As The #ColoradoRiver Basin Dries, Can An Accidental Oasis Survive? — KUNC #COriver #aridification

La Ciénega de Santa Clara via YouTube

From KUNC (Luke Runyon):

CIÉNEGA DE SANTA CLARA, MEXICO: Juan Butrón-Méndez navigates a small metal motorboat through a maze of tall reeds here in the Mexican state of Sonora. It’s nearing sunset, and the sky is turning shades of light blue and purple…

Butrón-Méndez lives nearby and works for the conservation group Pronatura Noroeste as a bird monitor…

He cuts the motor in an open stretch of water he calls the “scary lagoon,” ringed by tall grasses that rise from the thigh-high water. Without the boat’s droning hum, coastal birds appear over the reeds, and come in for a water landing.

American coots, with their white bills and dark grey feathers, cackle as they swim. They’re interspersed among broad-winged, yellow-beaked pelicans. Other birds, just silhouettes, dart along the surface, skimming for insects before dark. There’s no sign of them tonight, but several species of threatened or endangered marsh birds — like the Ridgway’s rail — call this place home too…

Butrón-Méndez has explored this wetland since its creation, watching over the course of decades as the shape-shifting oasis was born.

“Water started to flow to this place in the 1970s. I would walk around here without having to worry about getting wet,” Butrón-Méndez said though a translator. “If there wasn’t water, it’s a dry place.”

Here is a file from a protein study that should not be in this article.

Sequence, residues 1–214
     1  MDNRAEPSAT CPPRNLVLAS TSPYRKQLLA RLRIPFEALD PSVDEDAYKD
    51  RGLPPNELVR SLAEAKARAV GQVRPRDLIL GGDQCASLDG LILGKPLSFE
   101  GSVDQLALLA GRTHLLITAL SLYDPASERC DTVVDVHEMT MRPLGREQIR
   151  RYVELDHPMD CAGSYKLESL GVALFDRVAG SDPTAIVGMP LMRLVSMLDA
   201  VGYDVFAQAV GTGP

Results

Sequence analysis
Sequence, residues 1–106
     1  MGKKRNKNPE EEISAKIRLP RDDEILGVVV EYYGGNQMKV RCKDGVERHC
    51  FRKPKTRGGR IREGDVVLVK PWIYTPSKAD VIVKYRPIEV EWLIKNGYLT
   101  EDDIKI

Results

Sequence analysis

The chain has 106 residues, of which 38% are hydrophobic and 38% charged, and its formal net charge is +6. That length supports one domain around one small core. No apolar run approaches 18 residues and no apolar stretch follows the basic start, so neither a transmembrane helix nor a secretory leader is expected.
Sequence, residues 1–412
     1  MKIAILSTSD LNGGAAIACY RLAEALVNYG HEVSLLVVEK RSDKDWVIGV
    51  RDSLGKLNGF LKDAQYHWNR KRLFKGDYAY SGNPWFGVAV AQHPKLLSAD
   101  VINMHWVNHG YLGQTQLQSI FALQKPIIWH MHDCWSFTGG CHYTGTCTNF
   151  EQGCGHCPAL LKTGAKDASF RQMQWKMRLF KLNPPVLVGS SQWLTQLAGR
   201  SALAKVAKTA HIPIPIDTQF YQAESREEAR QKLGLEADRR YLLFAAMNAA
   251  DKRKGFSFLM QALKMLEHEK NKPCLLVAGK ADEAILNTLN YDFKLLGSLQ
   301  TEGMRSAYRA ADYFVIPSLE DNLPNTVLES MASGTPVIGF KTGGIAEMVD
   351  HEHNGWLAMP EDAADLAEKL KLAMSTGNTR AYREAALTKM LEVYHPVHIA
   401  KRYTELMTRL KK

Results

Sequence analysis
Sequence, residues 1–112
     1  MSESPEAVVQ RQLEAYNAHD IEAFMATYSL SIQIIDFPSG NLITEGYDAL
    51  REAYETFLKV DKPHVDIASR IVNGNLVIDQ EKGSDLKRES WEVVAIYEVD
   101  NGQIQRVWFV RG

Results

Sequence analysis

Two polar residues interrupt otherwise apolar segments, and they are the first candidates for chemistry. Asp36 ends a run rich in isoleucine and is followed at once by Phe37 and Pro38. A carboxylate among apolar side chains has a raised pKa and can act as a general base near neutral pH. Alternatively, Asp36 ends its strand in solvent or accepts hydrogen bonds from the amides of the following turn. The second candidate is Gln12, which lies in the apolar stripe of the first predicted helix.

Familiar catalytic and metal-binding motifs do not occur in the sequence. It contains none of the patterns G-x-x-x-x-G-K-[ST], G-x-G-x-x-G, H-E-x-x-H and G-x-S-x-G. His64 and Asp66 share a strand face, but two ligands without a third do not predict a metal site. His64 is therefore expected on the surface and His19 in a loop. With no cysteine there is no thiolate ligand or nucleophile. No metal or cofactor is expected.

He’s been called the Ciénega’s patron saint, able to rattle off its history and the names of the birds, fish and mammals that live here.

The wetland is fed by a concrete canal that removes drainage water from American farms across the border in Arizona. The canal is called the MODE — Main Outlet Drain Extension. The salty runoff inadvertently created this oasis in the middle of the Sonoran desert, a perfect stopover for migratory birds on their journey along the Pacific coast…

But there’s a problem. As the Colorado River basin heats up and dries out like climate projections predict, Butrón-Méndez is concerned people will stop thinking of the water that flows to the wetland as waste, find a way to use it and, in turn, harm the Ciénega…

Wasted water

The Ciénega was born in 1977 when the U.S. began draining salty agricultural runoff to the Santa Clara slough, near the Gulf of California. Years prior, the U.S. agreed not to send degraded water to Mexico, a near-constant tension between the two countries since they signed their first Colorado River treaty in 1944.

In a 1973 agreement called the “Permanent and Definitive Solution to the International Problem of the Salinity of the Colorado River,” President Richard Nixon’s administration agreed to a limit on how salty water would be at when delivered at the U.S.-Mexico border.

To keep the river from becoming loaded with salt, someone had to devise a way to keep the farm runoff from ending up in it. That’s how the MODE canal came to be. After irrigating lettuce fields and date palms in salty soil near Yuma, Arizona, the concrete-lined MODE would take the leftover water across the border close to the Pacific Ocean to dispose of it.